A sleeping body on stage is thought to have little importance. It is just a body sleeping. However, according to playwrights and scholars of early modern England, the sleeping body was considered a cipher that holds secrets about its own identity and culture. Does the community at large have a responsibility to protect the sleeper's original identity? How can we confirm that this secret identity is who the sleeper really is?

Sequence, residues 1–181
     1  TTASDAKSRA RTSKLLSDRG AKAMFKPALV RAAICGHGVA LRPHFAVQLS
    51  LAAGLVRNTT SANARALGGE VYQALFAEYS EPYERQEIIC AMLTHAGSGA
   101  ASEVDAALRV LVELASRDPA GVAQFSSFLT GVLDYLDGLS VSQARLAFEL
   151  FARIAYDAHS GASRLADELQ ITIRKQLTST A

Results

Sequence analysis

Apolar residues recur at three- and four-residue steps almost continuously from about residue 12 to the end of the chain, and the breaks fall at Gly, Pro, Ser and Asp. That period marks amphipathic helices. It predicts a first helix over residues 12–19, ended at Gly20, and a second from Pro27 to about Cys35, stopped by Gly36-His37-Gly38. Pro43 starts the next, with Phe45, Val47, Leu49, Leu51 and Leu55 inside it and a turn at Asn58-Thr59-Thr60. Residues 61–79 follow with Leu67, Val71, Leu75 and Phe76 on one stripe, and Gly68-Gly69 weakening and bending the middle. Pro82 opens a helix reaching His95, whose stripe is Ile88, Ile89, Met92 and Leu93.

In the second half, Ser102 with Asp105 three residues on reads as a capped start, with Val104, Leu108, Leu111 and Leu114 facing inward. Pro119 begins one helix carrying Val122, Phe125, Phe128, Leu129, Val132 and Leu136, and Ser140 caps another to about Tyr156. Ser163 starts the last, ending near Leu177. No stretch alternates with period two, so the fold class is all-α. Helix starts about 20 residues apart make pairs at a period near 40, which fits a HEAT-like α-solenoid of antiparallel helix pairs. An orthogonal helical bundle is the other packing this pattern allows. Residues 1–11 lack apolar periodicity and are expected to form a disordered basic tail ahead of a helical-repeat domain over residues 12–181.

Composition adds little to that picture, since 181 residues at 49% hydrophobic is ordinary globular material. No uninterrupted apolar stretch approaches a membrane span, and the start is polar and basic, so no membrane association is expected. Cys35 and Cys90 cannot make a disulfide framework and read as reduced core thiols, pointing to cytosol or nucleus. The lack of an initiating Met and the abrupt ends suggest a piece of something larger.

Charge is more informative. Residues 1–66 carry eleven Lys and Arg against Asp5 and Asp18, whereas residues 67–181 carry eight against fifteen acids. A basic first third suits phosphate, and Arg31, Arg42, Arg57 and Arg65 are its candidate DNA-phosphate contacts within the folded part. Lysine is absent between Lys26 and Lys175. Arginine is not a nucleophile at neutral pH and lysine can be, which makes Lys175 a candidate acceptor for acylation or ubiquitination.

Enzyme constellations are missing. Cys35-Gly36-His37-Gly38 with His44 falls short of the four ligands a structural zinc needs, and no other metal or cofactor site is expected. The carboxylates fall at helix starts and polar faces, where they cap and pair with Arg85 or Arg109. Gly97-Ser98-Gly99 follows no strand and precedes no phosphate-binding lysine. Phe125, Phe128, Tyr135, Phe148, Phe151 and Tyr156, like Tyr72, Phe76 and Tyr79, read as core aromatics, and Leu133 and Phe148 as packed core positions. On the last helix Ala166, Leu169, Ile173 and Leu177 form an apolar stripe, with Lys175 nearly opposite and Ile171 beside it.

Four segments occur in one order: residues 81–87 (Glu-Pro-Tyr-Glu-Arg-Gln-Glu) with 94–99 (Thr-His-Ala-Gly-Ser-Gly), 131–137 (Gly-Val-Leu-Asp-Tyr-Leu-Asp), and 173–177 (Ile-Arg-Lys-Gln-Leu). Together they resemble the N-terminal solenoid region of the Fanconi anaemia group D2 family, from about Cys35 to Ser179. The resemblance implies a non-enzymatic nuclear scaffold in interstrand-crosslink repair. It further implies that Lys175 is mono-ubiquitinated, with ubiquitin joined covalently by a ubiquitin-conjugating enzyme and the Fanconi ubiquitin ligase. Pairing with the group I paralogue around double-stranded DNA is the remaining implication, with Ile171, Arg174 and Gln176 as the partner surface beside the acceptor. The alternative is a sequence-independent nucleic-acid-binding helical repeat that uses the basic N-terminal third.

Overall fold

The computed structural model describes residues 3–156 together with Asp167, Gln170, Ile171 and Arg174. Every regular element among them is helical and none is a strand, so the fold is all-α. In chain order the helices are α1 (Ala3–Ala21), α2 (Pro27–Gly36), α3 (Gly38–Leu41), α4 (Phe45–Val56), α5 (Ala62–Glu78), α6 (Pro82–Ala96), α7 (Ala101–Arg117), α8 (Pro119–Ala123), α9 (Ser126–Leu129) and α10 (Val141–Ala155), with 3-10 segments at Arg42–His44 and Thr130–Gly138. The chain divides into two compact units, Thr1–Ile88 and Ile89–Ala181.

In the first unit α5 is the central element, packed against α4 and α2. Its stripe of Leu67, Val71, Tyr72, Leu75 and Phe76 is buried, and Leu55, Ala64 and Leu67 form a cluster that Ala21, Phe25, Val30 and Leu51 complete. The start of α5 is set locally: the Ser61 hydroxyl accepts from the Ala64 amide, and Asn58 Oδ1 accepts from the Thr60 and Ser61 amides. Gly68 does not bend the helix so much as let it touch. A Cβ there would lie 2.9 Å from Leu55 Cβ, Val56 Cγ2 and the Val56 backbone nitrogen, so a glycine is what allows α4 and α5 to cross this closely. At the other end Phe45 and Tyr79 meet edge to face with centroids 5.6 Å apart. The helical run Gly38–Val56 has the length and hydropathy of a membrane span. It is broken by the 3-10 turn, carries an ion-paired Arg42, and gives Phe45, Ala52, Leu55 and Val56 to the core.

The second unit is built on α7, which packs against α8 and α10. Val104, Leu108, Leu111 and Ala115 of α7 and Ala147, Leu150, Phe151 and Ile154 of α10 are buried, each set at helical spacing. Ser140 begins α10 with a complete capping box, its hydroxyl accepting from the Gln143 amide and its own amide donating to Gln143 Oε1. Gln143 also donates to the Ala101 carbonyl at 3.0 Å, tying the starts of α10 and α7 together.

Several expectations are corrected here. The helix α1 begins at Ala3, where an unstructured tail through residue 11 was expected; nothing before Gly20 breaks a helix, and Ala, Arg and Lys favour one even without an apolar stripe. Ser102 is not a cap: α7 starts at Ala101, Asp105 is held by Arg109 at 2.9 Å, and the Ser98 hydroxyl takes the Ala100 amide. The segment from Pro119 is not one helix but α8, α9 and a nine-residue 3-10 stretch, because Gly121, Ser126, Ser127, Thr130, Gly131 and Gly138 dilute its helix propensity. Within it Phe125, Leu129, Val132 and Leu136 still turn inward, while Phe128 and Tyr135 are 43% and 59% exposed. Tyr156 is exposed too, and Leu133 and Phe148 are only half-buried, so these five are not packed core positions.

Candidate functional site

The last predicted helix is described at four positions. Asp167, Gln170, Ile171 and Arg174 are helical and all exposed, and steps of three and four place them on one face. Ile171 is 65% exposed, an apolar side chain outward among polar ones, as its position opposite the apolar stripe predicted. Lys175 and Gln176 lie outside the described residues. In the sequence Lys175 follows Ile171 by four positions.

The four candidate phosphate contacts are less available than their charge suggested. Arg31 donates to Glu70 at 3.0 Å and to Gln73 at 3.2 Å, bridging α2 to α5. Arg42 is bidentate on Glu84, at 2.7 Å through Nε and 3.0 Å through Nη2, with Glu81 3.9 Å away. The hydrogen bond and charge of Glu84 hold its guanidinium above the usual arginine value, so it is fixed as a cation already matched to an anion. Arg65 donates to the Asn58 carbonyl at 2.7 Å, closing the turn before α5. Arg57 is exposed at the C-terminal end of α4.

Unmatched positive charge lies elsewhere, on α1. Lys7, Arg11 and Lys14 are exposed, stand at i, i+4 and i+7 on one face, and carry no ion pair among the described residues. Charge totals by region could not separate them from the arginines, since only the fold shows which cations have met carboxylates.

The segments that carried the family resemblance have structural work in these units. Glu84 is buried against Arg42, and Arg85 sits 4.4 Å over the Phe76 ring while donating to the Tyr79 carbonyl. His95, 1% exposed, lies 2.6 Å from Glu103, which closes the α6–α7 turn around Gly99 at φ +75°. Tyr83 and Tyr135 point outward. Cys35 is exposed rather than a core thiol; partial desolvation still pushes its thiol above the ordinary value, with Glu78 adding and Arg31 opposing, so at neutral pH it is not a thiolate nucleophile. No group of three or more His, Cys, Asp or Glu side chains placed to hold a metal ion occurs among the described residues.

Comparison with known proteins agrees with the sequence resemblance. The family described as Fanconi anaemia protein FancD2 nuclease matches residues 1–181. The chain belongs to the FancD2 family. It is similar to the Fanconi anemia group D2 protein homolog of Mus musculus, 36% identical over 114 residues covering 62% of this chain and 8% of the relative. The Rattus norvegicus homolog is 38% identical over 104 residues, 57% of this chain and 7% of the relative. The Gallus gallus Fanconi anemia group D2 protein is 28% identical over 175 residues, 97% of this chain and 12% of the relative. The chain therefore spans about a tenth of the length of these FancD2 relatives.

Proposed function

Nancy Simpson-Younger, Luther visiting assistant professor of English, will attempt to answer these questions and more in her lecture "Watching the (Secret) Sleeper in Early Modern Drama," at 7 p.m. Tuesday, March 3, in the Center for Faith and Life Recital Hall.